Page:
Installation Prerequisites
Installation Prerequisites
This chapter provides the network size, hardware and software, and device configuration requirements that
must be met before installing Cisco RAN Management System (RMS), 4.0.
Note
Ensure that all the requirements in the following sections are addressed.
• Sample Network Sizes, page 1
• Hardware and Software Requirements, page 1
• Device Configurations, page 9
Sample Network Sizes
While planning the network size, you must consider the following:
• Number of femtocell access points (FAPs or APs, used interchangeably in this guide) in your network
• Current network capacity and additional capacity to meet future needs.
For more information about the recommended deployment modes, see Cisco RMS Deployment Modes.
Hardware and Software Requirements
These topics describe the FAPs, hardware, gateway, and virtualization requirements:
Note
Consult with your Cisco account representative for specific hardware and configuration details for your
APs, hardware, gateway, and units before you acquire or use RMS.
Hardware requirements assume that Cisco RMS does not share the hardware with additional applications.
(This is the recommended installation.)
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Femtocell Access Point Requirement
Femtocell Access Point Requirement
Before you install the Cisco RAN Management System, you must install the FAPs that you want to support
in your network. Cisco RMS supports the FAPs listed in the following table:
Hardware
Band
Power
GPS
Residential/
Enterprise
Access Mode
USC 3330
2 and 5
20 mW
Yes
Residential
Closed
USC 3331
1
20 mW
No
Residential
Closed
USC 3331
2 and 5
20 mW
No
Residential
Closed
USC 5330
1
100 mW
No
Enterprise
Open
USC 5330
2 and 5
100 mW
No
Enterprise
Open
USC 7330
1
250 mW
No
Enterprise
Open
USC 7330
2 and 5
250 mW
Yes
Enterprise
Open
USC 9330
1
1W
No
Enterprise
Open
USC 9330
2 and 5
1W
Yes
Enterprise
Open
For information about the AP configuration, see AP Configuration, on page 9.
Cisco RMS Hardware and Software Requirements
Cisco UCS x86 hardware is used for Cisco RAN Management System hardware nodes.
The table below establishes the supported server models and configurations that are recommended for the
RMS solution.
Supported UCS Hardware
• Cisco UCS C240 M3 Rack Server
• Cisco UCS 5108 Blade Server
Target RMS Nodes
Central RMS node or All-In-One RMS node
Serving RMS node and Upload RMS node
• Cisco UCS B200 M3 Blade Server
Cisco UCS C240 M3 Server
The following hardware configuration is used for All-In-One RMS Node and Central RMS Node:
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Cisco RMS Hardware and Software Requirements
• Cisco Unified Computing System (UCS) C240 M3 Rack Server
• Rack-mount
• 2 x 2.3 Ghz x 6 Core x86 architecture
• 64 GB RAM
• 12 disks: 4 x 15,000 RPM 300 GB, 8 x 10,000 RPM 300 GB
• RAID array with battery backup and 1 GB cache
• 4 + 1 built-in Ethernet ports
• 2 rack unit (RU)
• Redundant AC power
• Red Hat Linux Enterprise Edition v6.1
• VMware vSphere Standard Edition v5.1
• VMware vCenter Standard Edition v5.1
Cisco UCS 5108 Blade Server
The following hardware configuration is used for All-In-One RMS Node and Central RMS Node:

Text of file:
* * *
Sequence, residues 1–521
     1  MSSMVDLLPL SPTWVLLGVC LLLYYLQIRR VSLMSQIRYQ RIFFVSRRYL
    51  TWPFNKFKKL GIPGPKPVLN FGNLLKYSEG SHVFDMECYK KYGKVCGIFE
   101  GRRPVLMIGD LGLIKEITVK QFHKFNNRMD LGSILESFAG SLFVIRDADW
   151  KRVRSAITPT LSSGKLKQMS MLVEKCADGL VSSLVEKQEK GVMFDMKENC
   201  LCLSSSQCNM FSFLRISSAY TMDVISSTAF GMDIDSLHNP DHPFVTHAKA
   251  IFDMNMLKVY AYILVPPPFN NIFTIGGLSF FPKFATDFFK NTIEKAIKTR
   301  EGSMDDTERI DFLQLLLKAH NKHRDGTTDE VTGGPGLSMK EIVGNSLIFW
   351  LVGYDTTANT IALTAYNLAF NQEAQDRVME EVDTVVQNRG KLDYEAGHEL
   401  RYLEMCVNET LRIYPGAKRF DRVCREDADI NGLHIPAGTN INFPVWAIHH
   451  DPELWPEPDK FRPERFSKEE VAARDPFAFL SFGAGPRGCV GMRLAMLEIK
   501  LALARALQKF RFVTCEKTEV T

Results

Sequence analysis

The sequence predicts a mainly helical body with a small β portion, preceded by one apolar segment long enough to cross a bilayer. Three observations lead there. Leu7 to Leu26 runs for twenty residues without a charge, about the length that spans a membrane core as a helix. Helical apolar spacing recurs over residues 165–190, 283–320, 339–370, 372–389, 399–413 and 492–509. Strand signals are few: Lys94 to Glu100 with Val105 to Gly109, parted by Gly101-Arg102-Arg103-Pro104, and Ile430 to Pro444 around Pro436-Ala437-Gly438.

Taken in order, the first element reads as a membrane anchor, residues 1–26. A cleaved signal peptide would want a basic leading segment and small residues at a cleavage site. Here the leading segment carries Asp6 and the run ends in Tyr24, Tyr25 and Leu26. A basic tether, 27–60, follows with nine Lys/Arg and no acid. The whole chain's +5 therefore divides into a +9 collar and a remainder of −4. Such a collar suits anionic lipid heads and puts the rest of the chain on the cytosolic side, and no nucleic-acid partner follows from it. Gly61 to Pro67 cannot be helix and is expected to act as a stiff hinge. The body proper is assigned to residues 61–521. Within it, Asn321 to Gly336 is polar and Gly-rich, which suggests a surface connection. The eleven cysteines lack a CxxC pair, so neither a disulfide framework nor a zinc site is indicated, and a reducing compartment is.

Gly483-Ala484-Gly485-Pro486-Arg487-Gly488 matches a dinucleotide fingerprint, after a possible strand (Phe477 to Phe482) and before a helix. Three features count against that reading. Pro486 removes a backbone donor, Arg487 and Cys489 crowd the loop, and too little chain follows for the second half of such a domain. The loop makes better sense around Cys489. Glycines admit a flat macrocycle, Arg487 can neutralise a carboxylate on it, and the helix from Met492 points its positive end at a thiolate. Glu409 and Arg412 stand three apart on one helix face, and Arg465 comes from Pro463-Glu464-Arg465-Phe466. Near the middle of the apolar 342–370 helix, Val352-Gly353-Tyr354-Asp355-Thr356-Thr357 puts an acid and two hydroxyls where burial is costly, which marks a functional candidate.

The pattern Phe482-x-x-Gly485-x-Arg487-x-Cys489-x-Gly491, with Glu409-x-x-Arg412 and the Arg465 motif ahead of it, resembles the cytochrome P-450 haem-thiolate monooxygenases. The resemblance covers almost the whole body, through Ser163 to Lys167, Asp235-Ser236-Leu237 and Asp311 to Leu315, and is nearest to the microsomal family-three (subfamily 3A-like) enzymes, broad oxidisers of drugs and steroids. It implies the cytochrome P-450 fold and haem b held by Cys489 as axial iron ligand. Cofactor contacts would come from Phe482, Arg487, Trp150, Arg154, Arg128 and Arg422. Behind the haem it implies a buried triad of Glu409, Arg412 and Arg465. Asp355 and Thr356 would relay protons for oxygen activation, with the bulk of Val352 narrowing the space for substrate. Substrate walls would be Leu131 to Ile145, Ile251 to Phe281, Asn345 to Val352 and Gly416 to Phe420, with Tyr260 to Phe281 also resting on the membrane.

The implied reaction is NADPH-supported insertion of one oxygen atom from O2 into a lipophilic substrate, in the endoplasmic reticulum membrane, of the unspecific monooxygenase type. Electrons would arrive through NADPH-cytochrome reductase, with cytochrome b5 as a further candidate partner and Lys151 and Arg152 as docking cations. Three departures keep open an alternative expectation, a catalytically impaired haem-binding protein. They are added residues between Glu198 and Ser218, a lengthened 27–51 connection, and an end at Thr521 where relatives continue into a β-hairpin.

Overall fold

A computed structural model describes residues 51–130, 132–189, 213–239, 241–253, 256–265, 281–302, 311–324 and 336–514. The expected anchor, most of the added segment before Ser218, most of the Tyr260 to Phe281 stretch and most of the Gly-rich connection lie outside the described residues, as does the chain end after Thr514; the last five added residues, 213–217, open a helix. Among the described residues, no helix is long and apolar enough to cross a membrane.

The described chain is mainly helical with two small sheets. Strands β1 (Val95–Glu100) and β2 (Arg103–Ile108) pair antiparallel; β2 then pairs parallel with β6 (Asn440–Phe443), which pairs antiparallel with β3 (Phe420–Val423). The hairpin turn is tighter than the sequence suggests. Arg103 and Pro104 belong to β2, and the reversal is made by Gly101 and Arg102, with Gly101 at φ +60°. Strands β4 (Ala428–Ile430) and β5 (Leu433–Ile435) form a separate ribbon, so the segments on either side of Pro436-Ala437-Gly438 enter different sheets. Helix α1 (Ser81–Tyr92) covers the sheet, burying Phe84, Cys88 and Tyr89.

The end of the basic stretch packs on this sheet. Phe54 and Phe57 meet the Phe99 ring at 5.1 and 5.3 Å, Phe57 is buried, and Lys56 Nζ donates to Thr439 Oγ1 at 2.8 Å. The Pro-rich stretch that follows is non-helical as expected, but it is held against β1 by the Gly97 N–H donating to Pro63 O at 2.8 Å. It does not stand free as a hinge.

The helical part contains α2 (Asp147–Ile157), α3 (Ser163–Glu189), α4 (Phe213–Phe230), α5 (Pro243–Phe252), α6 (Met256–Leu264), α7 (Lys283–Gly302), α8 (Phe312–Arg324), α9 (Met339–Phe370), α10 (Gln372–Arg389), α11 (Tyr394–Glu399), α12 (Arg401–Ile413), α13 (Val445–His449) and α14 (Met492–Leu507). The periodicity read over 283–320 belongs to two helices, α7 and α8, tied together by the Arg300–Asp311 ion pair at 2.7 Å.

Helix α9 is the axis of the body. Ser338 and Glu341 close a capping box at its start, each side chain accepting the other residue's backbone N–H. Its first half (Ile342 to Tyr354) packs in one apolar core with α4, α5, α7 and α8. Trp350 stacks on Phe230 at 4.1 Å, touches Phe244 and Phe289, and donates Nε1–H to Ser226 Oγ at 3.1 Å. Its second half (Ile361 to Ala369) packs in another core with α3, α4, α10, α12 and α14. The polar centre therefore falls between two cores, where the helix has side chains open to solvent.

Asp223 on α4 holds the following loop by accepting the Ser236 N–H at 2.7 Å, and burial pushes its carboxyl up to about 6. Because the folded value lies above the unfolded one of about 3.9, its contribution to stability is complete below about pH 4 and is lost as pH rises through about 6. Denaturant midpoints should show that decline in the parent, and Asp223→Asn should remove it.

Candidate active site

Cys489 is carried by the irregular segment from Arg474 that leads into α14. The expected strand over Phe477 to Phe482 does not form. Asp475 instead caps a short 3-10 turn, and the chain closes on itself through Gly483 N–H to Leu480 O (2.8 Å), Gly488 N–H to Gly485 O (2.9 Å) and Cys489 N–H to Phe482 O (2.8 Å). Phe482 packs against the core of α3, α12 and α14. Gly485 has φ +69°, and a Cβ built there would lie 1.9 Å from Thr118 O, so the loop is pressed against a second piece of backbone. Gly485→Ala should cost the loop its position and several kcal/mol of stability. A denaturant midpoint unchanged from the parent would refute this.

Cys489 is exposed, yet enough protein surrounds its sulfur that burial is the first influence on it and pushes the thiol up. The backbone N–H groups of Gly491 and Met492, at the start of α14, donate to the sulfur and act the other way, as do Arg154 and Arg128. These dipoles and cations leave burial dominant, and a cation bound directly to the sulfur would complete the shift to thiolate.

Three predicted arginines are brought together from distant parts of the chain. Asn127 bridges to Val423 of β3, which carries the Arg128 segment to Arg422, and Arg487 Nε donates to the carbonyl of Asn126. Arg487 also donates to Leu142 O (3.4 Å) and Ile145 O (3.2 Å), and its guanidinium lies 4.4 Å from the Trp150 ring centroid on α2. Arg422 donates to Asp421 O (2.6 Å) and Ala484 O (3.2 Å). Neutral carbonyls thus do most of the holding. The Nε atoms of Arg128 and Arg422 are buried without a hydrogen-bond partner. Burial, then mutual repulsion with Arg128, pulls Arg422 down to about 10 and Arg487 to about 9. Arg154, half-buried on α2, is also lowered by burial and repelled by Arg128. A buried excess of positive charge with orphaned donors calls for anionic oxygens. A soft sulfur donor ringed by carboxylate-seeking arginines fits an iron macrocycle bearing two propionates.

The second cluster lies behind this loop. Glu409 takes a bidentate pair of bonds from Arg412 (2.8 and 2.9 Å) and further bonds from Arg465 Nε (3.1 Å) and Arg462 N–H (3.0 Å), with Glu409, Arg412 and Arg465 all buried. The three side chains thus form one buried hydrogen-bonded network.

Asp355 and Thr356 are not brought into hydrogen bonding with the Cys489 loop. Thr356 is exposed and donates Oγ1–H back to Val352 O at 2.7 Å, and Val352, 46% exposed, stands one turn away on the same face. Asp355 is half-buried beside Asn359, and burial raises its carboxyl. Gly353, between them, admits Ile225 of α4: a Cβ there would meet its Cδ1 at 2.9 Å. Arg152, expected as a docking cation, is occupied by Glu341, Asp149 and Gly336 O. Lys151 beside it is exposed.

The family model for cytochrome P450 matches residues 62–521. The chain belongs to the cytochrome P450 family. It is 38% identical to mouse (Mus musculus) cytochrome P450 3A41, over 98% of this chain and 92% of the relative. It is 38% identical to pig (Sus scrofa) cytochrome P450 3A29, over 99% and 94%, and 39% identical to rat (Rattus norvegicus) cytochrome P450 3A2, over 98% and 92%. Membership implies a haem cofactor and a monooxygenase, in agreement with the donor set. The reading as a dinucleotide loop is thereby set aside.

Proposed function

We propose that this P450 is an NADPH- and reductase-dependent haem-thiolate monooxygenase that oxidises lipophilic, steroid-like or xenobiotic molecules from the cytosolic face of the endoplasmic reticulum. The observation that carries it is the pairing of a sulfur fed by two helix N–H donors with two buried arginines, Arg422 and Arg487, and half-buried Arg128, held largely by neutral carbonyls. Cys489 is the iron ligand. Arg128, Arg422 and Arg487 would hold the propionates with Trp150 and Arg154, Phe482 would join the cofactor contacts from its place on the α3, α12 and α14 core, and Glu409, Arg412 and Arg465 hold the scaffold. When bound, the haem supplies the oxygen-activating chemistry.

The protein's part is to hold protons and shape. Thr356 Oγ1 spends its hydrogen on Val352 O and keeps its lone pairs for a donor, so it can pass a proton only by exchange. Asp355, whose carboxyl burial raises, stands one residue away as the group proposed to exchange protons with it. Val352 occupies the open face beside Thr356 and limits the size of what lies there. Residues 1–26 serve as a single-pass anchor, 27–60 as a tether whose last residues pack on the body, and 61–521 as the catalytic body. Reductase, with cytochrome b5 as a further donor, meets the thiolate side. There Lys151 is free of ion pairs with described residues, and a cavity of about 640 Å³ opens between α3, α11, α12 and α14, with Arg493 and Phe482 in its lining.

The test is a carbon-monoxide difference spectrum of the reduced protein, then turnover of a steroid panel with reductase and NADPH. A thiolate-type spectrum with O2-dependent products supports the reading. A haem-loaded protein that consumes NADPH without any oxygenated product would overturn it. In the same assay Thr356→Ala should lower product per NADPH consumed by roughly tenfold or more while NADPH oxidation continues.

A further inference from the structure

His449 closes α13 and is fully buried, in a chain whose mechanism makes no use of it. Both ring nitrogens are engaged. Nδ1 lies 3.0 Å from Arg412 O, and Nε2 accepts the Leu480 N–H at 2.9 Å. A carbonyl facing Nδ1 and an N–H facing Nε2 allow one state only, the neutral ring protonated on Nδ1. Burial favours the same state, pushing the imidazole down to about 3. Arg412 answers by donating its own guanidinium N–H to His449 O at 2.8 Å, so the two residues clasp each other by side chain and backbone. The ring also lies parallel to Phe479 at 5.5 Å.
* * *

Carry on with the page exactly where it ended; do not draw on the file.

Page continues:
• Cisco UCS 5108 Blade Server
• Rack-mount
• 6 rack unit (RU)
• Redundant AC power
• Red Hat Linux Enterprise Edition v6.1
• VMware vSphere Standard Edition v5.1
• VMware vCenter Standard Edition v5.1
Note
The Cisco UCS 5108 Blade Server can house up to eight Cisco UCS B200 M3 Blade Servers or a
combination of B200 M3 and other UCS blade servers.
Cisco UCS B200 M3 Blade Server
The following hardware configuration is used for Serving RMS nodes:
• Cisco UCS B200 M3 Blade Server
• Rack-mount
• 2 CPUs using 32 GB DIMMs
• Up to 768 GB RAM
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FAP Gateway Requirements
• 6 rack unit (RU)
• Redundant AC power
• Red Hat Linux Enterprise Edition v6.1
• VMware vSphere Standard Edition v5.1
• VMware vCenter Standard Edition v5.1
Note
Ensure that the selected UCS server is physically connected and configured with the appropriate software
before proceeding with the Cisco RMS installation.
To install the UCS servers, see the following guides:
• Cisco UCS C240 M3 Server Installation and Service Guide
• Cisco UCS 5108 Server Chassis Installation Guide
• Cisco UCS B200 Blade Server Installation and Service Note
Note
The Cisco UCS servers must be pre-configured with standard user account privileges.
FAP Gateway Requirements
The Cisco ASR 5000 Small Cell Gateway serves as the HNB Gateway (HNB-GW) and Security Gateway
(SeGW) for the FAP in the Cisco RAN Management System solution.
It is recommended that the hardware node with the Serving VM is co-located with the Cisco ASR 5000
Gateway. The Cisco ASR 5000 Gateway utilizes the Serving VM for DHCP and AAA services. This gateway
provides unprecedented scale that can exceed 125,000 APs that can be handled by a Serving VM (or redundant
pair).
Ensure that the Cisco ASR 5000 Gateway is able to communicate with the Cisco UCS server before proceeding
with the Cisco RMS installation.
To install the Cisco ASR 5000 Small Cell Gateway, see the Cisco ASR 5000 Installation Guide.
Virtualization Requirements
The Cisco RAN Management System solution that is packaged in Virtual Machine (VM) images (.ova file)
requires to be deployed on the Cisco UCS hardware nodes, defined in the Cisco RMS Hardware and Software
Requirements, on page 2.
The virtualization framework of the VM enables the resources of a computer to be divided into multiple
execution environments, by applying one or more concepts or technologies such as hardware and software
partitioning, time-sharing, partial or complete machine simulation, emulation, quality of service, and so on.
The benefit of using VMs is load isolation, security isolation, and administration.
• Load isolation ensures that a single service does not take over all the hardware resources and compromise
other services.
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Virtualization Requirements
• Security isolation enables flows between VMs to be routed via a firewall, if desired.
• Administration is simplified by centralizing the VM deployment, and monitoring and allocating the
hardware HW resources among the VMs.
Before you deploy the Cisco RAN Management System .ova file:
• Ensure that you install:
◦VMware vSphere Standard Edition version 5.1.0
◦VMware vCenter Standard Edition version 5.1.0
For the procedure to install VMware, see Installing VMware ESXi and vCenter for Cisco RMS .